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NASA Unveils First Light Images from Chandra

The newest Great Observatory is producing discoveries right off the bat

BASED ON A NASA HQ PRESS RELEASE

Aug. 26, 1999: Extraordinary first images from NASA's Chandra X-ray Observatory trace the aftermath of a gigantic stellar explosion in such stunning detail that scientists can see evidence of what may be a neutron star or black hole near the center. Another image (right) shows a powerful X-ray jet blasting 200,000 light years into intergalactic space from a distant quasar.

Right: PKS 0637-72 is so distant that we see it as it was 6 billion years ago. It is a luminous quasar that radiates with the power of 10 trillion suns from a region smaller than our solar system. The source of this prodigious energy is believed to be a supermassive black hole. Credit: NASA and Chandra Science Center

Released today, both images confirm that NASA's newest Great Observatory is in excellent health and its instruments and optics are performing up to expectations. Chandra, the world's largest and most sensitive X-ray telescope, is still in its orbital check-out and calibration phase.

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"When I saw the first image, I knew that the dream had been realized," said Dr. Martin Weisskopf, Chandra Project Scientist, NASA's Marshall Space Flight Center, Huntsville, AL. "This observatory is ready to take its place in the history of spectacular scientific achievements."

"We were astounded by these images," said Harvey Tananbaum, Director of the Smithsonian Astrophysical Observatory's Chandra X- ray Center, Cambridge, MA. "We see the collision of the debris from the exploded star with the matter around it, we see shock waves rushing into interstellar space at millions of miles per hour, and, as a real bonus, we see for the first time a tantalizing bright point near the center of the remnant that could possibly be a collapsed star associated with the outburst."

After the telescope's sunshade door was opened last week, one of the first images taken was of the 320-year-old supernova remnant Cassiopeia A, which astronomers believe was produced by the explosion of a massive star. Material blasted into space from the explosion crashed into surrounding material at 10 million miles per hour. This collision caused violent shock waves, like massive sonic booms, creating a vast 50-million degree bubble of X-ray emitting gas.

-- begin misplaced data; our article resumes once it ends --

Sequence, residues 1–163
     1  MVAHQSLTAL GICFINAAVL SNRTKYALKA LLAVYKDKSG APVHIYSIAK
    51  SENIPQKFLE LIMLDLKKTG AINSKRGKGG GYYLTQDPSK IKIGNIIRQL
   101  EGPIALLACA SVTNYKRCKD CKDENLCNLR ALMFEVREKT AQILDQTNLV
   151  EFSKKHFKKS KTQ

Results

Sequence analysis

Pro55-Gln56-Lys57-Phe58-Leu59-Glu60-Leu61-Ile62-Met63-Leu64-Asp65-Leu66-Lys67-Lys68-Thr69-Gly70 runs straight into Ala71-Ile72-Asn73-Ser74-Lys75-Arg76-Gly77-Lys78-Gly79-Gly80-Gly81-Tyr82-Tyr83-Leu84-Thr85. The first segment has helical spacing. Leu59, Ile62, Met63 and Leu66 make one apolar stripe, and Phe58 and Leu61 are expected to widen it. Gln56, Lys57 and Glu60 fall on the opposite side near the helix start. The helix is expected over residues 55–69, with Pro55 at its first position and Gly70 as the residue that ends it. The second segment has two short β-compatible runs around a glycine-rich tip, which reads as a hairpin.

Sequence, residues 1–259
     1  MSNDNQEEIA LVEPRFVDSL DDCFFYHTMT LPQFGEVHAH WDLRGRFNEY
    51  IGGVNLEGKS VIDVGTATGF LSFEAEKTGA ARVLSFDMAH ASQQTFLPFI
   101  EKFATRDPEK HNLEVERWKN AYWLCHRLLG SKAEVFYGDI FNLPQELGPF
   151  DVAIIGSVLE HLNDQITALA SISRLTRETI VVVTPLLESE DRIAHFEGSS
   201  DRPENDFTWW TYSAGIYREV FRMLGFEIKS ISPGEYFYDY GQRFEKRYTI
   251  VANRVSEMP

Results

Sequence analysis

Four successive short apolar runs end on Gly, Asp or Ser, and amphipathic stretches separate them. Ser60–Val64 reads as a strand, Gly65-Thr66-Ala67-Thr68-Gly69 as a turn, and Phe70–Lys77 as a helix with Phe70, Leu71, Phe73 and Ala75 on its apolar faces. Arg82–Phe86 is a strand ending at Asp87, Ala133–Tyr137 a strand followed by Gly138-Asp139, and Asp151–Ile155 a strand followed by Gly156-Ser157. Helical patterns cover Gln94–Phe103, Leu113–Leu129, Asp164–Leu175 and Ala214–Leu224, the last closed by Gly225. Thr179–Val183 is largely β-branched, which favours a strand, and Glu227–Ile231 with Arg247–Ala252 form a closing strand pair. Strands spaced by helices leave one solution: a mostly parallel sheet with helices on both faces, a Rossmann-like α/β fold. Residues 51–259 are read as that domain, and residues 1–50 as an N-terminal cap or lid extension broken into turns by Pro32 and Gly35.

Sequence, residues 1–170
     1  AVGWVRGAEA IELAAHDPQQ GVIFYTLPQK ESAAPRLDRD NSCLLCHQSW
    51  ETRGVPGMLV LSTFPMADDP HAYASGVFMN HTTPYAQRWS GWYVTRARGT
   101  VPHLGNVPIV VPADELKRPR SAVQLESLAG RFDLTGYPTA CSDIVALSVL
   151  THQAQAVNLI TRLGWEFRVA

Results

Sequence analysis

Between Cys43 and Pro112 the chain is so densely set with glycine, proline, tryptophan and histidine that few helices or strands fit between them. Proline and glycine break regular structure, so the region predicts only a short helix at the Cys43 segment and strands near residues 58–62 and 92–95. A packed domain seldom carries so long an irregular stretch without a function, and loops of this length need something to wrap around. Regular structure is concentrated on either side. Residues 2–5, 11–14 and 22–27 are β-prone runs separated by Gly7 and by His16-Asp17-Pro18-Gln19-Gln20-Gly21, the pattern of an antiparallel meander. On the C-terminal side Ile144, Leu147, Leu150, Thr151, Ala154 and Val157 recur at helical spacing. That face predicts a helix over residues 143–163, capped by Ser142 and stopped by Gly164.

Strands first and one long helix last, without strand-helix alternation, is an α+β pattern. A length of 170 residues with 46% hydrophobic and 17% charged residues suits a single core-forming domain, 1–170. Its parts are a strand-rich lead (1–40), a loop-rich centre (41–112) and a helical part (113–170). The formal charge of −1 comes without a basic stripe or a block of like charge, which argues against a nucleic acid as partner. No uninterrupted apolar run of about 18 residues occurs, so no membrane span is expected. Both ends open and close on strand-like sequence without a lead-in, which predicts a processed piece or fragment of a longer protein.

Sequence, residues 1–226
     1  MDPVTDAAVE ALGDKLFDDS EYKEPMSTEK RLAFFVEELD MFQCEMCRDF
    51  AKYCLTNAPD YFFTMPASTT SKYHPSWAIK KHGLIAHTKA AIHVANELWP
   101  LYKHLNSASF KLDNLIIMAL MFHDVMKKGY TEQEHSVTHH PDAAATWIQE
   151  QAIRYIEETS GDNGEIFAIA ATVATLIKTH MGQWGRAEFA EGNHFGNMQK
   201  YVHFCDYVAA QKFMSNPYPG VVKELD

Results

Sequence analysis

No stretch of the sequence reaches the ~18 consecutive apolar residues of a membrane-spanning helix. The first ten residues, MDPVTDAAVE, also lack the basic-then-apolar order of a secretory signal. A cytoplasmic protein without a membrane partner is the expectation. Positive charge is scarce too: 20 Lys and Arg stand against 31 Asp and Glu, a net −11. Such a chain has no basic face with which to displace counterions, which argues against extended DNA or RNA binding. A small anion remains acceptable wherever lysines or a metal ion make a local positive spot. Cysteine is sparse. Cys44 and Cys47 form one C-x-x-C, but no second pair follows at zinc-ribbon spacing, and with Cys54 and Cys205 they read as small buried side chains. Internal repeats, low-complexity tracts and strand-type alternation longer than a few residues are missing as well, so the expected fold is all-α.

Left: Cas A as seen by the Chandra X-ray Observatory. The image links to a 533x533-pixel, 54K JPG. Or, click here for a 2133x2133-pixel, 1.4MB JPG. Credit: NASA and Chandra Science Center

Heavy elements in the hot gas produce X-rays of specific energies. Chandra's ability to precisely measure these X-rays tells how much of each element is present. With this information, astronomers can investigate how the elements necessary for life are created and spread throughout the galaxy by exploding stars.

"Chandra will help to confirm one of the most fascinating theories of modern science -- that we came from the stars," said Professor Robert Kirshner of Harvard University. "Its ability to make X-ray images of comparable quality to optical images will have an impact on virtually every area of astronomy."

Chandra also imaged a distant and very luminous quasar -- a single star-like object -- sporting a powerful X-ray jet blasting into space. The quasar radiates with the power of 10 trillion suns, energy which scientists believe comes from a supermassive black hole at its center. Chandra's image, combined with radio telescope observations, should provide insight into the process by which supermassive black holes can produce such cosmic jets.

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"Chandra has allowed NASA to seize the opportunity to put the U.S. back in the lead of observational X-ray astronomy," said Dr. Edward Weiler, Associate Administrator of Space Science, NASA Headquarters, Washington, DC. "History teaches us that whenever you develop a telescope 10 times better than what came before, you will revolutionize astronomy. Chandra is poised to do just that."

The Chandra X-ray observatory was named in honor of the late Nobel laureate Subrahmanyan Chandrasekhar. NASA's Marshall Space Flight Center manages the Chandra program. TRW, Inc., Redondo Beach, CA, is the prime contractor for the spacecraft. The Smithsonian's Chandra X-ray Center controls science and flight operations from Cambridge, MA.

The first Chandra images will be posted to the Internet at: http://chandra.nasa.gov and http://chandra.havard.edu Web LinksXrayastronomy.com, science news from the Chandra X-Ray Observatory
Chandra X-ray Observatory Center home page, with links to education, news, and technical pages.
Chandra news from Marshall Space Flight Center
Chandra Project Science is managed at NASA/Marshall, has links to individual instruments and the prime contractor.
X-ray astrophysics branch at NASA/Marshall conducts a broad range of research and technology work, as well as supporting the Chandra X-ray Observatory.


NASA/Marshall scientists will use Chandra to ask:
What happens to pulsars in the fast lane?
Why did the supernova change colors?
How hot is the Crab?
How old is the the Universe?

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